Adaptive reuse of heritage stadiums and arenas is a popular option.  Both the Montreal Forum and Maple Leaf Gardens have incorporated numerous heritage elements of the old arenas into new retail, real estate, and education spaces.  However, adaptive reuse is not always an option.  Tiger Stadium in Detroit was slated for a real estate redevelopment that would have incorporated the old stadium in the development, but plans fell through and the stadium was demolished.  Frequently, the old stadium sat adjacent to the new stadium, so some form of heritage markers were often used to denote where the previous stadium was after demolition. The “old” Yankee Stadium in New York is now a park next to new Yankee Stadium, and Fulton County Stadium is parking for the new Turner Field in Atlanta, with both examples denoting important markers from the old stadium in the new space (e.g.: location of home plate, etc.)  Sometimes, artefacts from the old building are incorporated into the new building.  The scoreboard from the old Omni Coliseum in Atlanta is situated in the foyer of the new Phillips Arena, for example.

Of course, many old arenas simply continue on without their core tenants, or perhaps find a different – and often lower tier – sports tenant.  The Pacific Coliseum in Vancouver, once the home of the NHL’s Vancouver Canucks, continues as a concert venue, a site for the 2010 Olympic Winter Games, and is the home of the Vancouver Giants of the Western Hockey League (WHL), a junior developmental hockey league.  As such, how the venue’s heritage is preserved or recognized may change as well.

In the discussions on the future of Rexall Place, the heritage of the venue should be raised – and, depending on the future use of the building, how the heritage is recognized will be a key issue.  I also think that the heritage of the venue isn’t just the Oilers, but encompasses many different forms – including personal heritages.  I would imagine that the venue will end up in some sort of adaptive reuse project – I simply can’t imagine it being preserved in situ, nor can I see it continue without its core tenant given the population size of Edmonton.  That said, I hope the good citizens of my former hometown consider a broad range of cases in how to use the venue going forward while still recognizing and acknowledging its heritage value.

Health and Sport Heritage

Heritage is used for a variety of contemporary needs and circumstances.  As we know from Critical Heritage Studies, heritage is used in legitimizing and underwriting particular claims from particular groups about who gets to speak for and about the past, and to what end. Heritage is also a major part of education, of identity creation and maintenance, and of nationalism. We also know that heritage is used in tourism development, particularly in building, growing, and diversifying the attraction mix at a particular tourism location or destination.  Similarly, we know that heritage is something tourists seek when on vacation; that many – if not most – leisure tourists encounter heritage at some point during their trip. We also know that heritage is vital in terms of urban planning, that heritage areas and districts can be good for attracting and retaining businesses and people to a city, and that built heritage can provide diverse and interesting architectural styles to communities.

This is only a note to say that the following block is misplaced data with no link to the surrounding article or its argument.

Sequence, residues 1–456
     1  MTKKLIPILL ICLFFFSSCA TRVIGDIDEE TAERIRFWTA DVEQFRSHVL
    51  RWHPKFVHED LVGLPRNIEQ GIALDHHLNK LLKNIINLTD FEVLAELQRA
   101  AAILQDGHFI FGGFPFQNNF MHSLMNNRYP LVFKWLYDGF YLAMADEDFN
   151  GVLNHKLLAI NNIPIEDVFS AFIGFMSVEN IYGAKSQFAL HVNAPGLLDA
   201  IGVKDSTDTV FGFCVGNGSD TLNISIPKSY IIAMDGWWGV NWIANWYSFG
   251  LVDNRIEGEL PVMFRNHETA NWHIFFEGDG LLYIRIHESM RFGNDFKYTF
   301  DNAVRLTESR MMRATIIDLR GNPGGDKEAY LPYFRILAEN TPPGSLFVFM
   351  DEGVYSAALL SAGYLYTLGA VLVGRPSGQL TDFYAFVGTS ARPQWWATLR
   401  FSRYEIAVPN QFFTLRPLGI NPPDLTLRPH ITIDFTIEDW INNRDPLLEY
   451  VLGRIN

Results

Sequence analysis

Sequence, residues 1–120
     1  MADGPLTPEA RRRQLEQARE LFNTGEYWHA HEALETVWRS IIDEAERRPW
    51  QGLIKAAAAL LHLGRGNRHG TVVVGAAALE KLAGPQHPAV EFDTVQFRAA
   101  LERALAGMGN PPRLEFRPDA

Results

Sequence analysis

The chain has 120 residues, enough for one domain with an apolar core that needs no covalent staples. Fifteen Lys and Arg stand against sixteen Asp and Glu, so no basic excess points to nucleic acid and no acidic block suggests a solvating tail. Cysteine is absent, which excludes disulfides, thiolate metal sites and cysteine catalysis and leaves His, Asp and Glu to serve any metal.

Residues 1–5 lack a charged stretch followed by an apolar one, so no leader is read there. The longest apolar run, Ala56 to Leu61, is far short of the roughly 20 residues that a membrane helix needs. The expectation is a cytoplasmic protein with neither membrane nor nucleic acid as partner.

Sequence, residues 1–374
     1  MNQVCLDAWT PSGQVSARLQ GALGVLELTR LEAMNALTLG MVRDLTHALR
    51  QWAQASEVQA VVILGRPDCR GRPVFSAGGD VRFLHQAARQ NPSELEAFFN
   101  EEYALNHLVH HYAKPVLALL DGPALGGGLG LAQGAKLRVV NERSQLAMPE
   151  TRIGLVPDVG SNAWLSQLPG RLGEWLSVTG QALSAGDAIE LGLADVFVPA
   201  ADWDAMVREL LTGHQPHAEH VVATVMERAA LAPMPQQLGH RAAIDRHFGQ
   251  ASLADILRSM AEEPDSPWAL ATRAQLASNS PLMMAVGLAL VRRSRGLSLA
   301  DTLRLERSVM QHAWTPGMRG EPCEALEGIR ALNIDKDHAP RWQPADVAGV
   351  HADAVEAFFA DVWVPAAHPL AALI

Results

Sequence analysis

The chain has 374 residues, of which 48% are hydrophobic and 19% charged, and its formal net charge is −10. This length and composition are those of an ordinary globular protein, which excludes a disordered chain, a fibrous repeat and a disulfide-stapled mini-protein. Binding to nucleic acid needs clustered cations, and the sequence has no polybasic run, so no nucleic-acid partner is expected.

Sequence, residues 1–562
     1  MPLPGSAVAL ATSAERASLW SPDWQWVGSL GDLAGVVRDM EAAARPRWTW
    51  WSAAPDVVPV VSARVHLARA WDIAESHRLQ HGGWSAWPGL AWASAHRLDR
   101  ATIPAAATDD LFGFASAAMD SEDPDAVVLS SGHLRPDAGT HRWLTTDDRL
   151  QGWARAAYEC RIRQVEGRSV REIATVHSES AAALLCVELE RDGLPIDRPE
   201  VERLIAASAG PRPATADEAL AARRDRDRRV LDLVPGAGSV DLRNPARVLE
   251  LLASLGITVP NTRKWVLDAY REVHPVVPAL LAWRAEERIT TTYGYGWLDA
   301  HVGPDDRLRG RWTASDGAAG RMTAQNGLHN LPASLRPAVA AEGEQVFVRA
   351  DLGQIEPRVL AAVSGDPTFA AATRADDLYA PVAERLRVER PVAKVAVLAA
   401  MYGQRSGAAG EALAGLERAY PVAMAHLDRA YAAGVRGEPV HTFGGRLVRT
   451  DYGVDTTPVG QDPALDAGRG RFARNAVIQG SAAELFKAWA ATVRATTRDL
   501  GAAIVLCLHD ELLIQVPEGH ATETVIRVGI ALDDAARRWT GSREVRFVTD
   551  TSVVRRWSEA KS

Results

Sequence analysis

What has been relatively late to come, though is picking up tremendous steam, is linking heritage – and, for our purposes, sport heritage – to health and health care issues.

English Heritage just released a report that suggests that “heritage makes you happy,” noting that participation in heritage – either as a visitor or volunteer – boosts self-esteem, life satisfaction, and general well-being to a greater level than participating in similar leisure and recreational activities.  There are a few interesting things to note about this kind of report.  Obviously, from a critical heritage perspective, there are few more divisive topics than heritage, although encountering heritage can also potentially be a bridge between people and cultures. I think it is interesting as well that English Heritage commissioned this report, as it suggest that heritage must now “do” something beyond a) exist, and b) generate tourism dollars.  However, I am not against commissioning such a report, nor its findings.  If we can demonstrate that heritage, in general, is beneficial to the health of individuals and communities, it may also generate greater public support.  An interesting question is whether the topic of the heritage matters in terms of obtaining these health benefits.  That is to say, does it matter whether one is visiting or volunteering at a house museum, or an art gallery, or a castle? From a sport heritage perspective, representations of the sporting past – particularly in museums and halls of fame – are typically very hands on, reflecting not only the nature of sporting heritage but also because hands-on displays may address particular operational outcomes for the museum.  Perhaps there are health benefits – both in situ and afterwards – from these displays? More than this, however, sport heritage – both to its benefit and detriment – is particularly positive, often inspirational, and generates its fair share of collective cultural moments.  It would be fascinating to test whether sport heritage, in particular, “makes you happy.”